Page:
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Bring on the tough stuff - there’s not just one right answer.
What do you think the speaker's attitude toward death is? Does he fear it? Or does he appreciate it? Maybe both? Why do you think so?
Why does Stevens end each stanza of this relatively short poem with the same line, "the only emperor is the emperor of ice-cream?" Why this refrain?
What would an emperor of ice-cream look like? How would he compare to the boring emperors we are familiar with in history?
Would the poem sound different if Stevens had chosen to rhyme each of his lines? Would it make us feel differently about what he's trying to say? How so?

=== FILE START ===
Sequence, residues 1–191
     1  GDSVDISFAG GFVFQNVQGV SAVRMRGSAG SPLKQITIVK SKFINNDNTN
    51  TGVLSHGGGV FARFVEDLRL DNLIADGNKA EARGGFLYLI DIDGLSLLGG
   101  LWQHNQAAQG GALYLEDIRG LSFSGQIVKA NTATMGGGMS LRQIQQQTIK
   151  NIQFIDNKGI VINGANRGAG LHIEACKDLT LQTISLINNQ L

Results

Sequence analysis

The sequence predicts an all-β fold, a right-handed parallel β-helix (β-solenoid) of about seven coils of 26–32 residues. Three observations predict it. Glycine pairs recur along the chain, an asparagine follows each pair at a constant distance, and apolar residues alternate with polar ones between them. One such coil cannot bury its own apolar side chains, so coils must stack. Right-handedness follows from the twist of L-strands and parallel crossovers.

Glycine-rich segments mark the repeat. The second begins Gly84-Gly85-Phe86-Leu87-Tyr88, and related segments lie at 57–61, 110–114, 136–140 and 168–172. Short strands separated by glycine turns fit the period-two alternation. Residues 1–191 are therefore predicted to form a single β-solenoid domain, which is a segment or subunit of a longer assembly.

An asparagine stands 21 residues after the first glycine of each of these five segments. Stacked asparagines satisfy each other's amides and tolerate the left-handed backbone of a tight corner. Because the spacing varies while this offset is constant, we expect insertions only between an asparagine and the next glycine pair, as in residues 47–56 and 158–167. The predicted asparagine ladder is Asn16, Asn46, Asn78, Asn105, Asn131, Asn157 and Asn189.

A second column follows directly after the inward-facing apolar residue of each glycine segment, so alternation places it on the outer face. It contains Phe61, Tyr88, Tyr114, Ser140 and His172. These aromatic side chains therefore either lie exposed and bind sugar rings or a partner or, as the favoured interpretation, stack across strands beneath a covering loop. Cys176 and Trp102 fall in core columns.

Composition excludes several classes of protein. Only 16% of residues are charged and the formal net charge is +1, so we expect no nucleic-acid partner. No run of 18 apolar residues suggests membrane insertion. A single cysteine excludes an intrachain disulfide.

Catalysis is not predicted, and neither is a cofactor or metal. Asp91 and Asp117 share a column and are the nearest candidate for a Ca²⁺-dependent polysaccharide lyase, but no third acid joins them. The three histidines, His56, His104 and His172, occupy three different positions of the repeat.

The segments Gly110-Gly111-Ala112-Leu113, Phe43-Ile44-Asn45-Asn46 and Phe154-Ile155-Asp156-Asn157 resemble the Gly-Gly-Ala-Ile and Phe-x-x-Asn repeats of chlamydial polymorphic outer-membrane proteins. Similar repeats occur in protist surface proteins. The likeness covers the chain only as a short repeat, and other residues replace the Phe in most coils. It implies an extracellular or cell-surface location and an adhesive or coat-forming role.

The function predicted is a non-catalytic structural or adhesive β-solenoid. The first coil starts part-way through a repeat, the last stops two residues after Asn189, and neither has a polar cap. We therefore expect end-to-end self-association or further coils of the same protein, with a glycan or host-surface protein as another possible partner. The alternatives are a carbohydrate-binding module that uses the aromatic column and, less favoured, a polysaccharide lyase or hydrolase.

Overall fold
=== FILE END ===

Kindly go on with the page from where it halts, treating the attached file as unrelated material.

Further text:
Do you think we could truly enjoy life if we were reminded daily that death was inevitable? In other words, do you think that—contrary to what our speaker seems to say—being distracted might be a good way to go through life?